Healthy Start Brooklyn was launched in 2001 by New York City’s Department of Health and Mental Hygiene (DOHMH), with funding from the Health Resources and Services Administration of the U.S. Department of Health and Human Services. The program focused on non-Latina Black women, the group with the highest infant-mortality rate in the program area. One key part of the initiative was a free childbirth-education series, taught by a local doula and Lamaze instructor. Over time, she noticed that many participants reported not having reliable support for their labor and delivery. Some women’s partners were unable to take time off during the workday; others needed to rely on their partner or their own mother to care for older children rather than providing labor support. To respond to this need, the instructor began matching her students with volunteer doulas. In 2010, HSB formalized the process with the launch of By My Side, hiring certified doulas as independent subcontractors and paying them a professional rate to support women and their partners during pregnancy, childbirth, and the postpartum period.

BMS combines aspects of private doula practice and community-based programs to provide social support during pregnancy, labor and delivery, and the postnatal period. Private doulas typically provide one to two prenatal home visits, support during labor and delivery, and one postpartum home visit. Community-based doula programs typically provide many more visits throughout pregnancy and may continue services for an entire year postpartum.

BMS doulas conduct three prenatal home visits, covering the traditional doula curriculum (prenatal care, stages of labor, birth preferences, communicating with care providers), as well as screening for depression, food insecurity, intimate partner violence, and medical risk factors, and making referrals to services as needed. Because this case-management function is outside the typical scope of doula work, BMS provides additional training, as well as an extensive resource guide of services in and near the project area. Multiple visits give the doula time to discuss childbirth topics in a relaxed setting, when the woman has time to think about the information, do additional research, and decide what her preferences for labor may be. The relationship that develops during these visits also improves continuity of care during labor, especially for women who have never met any of their obstetrical-care providers before arriving at the hospital.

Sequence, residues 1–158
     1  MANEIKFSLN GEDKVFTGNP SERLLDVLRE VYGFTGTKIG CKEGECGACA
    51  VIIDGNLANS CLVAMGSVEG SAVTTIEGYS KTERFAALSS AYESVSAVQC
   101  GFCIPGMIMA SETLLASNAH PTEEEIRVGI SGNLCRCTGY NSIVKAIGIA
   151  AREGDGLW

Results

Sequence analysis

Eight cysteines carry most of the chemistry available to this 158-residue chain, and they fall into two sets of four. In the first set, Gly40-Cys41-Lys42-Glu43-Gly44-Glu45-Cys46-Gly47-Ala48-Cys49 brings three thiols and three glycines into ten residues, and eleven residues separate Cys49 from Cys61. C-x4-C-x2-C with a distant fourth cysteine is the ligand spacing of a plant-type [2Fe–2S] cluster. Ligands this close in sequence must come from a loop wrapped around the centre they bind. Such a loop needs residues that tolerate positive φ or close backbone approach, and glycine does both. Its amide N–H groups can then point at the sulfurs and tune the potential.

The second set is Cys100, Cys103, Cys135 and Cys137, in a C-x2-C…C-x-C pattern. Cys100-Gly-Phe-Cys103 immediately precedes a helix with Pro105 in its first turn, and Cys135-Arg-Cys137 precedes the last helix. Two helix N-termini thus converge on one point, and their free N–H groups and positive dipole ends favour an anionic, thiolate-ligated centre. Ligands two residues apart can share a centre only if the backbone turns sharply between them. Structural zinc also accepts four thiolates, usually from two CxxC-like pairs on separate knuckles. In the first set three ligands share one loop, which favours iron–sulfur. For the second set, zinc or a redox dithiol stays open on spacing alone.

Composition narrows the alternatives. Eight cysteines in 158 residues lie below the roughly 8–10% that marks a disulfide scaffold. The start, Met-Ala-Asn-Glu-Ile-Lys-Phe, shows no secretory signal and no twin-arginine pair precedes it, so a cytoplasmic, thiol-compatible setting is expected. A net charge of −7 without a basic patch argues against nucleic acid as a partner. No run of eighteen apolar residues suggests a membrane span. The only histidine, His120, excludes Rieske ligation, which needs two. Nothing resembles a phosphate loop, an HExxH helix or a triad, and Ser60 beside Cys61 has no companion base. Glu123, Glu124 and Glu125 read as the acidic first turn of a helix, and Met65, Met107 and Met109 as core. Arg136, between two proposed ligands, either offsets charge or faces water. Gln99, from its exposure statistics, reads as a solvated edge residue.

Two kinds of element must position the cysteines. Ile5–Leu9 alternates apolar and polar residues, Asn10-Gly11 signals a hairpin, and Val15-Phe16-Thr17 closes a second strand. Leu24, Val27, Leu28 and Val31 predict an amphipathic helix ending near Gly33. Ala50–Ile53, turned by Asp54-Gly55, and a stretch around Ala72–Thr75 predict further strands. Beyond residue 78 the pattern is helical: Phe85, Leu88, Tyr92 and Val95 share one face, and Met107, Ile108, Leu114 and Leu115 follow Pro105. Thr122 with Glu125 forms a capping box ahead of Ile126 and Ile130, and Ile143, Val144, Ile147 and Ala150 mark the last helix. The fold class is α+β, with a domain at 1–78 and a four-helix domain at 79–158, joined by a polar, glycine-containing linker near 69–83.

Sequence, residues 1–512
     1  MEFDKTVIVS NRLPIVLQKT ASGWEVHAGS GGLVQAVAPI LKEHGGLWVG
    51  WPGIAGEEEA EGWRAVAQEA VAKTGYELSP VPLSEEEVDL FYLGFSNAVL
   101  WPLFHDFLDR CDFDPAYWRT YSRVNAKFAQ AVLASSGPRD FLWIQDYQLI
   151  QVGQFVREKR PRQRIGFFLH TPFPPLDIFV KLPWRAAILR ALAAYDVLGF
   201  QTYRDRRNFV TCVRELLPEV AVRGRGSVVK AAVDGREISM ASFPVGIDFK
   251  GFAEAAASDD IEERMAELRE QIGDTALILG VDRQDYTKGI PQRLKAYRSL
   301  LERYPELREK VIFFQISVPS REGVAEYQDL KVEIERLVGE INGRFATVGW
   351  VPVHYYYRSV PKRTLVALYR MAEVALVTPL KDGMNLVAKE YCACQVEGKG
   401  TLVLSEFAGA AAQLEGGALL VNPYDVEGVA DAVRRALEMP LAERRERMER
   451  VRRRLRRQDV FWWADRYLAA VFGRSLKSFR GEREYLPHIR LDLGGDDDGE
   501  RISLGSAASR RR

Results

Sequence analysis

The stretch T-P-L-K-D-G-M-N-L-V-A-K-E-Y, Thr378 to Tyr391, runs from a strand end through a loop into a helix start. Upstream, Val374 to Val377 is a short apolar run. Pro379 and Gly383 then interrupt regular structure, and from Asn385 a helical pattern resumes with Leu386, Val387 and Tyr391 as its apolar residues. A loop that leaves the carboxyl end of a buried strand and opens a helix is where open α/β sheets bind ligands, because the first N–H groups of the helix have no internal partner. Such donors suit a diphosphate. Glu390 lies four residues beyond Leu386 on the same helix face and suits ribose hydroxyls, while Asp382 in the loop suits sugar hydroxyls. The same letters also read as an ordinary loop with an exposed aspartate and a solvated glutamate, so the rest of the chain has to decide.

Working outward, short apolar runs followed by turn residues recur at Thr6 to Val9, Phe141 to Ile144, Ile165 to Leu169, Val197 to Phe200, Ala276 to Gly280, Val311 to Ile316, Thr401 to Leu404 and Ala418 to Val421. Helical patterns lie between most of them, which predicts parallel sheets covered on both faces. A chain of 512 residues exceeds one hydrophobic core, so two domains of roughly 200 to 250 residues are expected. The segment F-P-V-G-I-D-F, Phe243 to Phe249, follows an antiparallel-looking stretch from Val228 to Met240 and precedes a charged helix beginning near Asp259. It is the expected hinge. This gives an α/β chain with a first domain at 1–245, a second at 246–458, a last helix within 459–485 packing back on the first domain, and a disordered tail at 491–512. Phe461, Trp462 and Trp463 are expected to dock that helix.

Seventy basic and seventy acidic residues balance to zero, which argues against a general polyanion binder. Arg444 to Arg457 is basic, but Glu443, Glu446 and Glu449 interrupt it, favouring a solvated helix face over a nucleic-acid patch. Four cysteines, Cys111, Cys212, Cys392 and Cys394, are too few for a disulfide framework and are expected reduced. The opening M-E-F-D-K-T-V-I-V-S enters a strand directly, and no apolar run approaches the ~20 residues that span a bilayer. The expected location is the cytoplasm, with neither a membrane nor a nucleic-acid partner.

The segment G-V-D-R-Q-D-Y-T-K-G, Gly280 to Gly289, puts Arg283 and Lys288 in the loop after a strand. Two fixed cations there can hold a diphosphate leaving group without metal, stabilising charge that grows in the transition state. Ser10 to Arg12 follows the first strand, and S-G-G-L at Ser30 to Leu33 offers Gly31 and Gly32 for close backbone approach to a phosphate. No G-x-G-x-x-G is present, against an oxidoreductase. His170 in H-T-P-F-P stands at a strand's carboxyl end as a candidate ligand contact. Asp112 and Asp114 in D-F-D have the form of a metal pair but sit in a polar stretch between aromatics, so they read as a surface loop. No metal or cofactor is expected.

In addition to support during and immediately after the birth, BMS doulas often provide assistance to pregnant women and their families in navigating the hospital environment during labor, facilitating communication with the medical staff. They make a follow-up visit within 2 days of the birth and another at 2 weeks postpartum. In early 2015 two additional home visits were added, at 2 and 6 months postpartum. During the four postpartum visits, doulas support breastfeeding, assess client and infant risks, and provide counseling on safe-sleep practices, positive parenting, and reproductive life planning. Home visits last 1–2 hours each.

Merging the private and the community-based models of care provided HSB the flexibility to develop a doula program that complemented its existing home-visitation services, a Nurse-Family Partnership program and a Healthy Families America program, both of which provided support from pregnancy through the first few years of a child’s life, but not during the birth itself. BMS addresses this gap by providing participants with continuous support during labor and birth, either as the only service that women receive or in addition to other home-visitation services.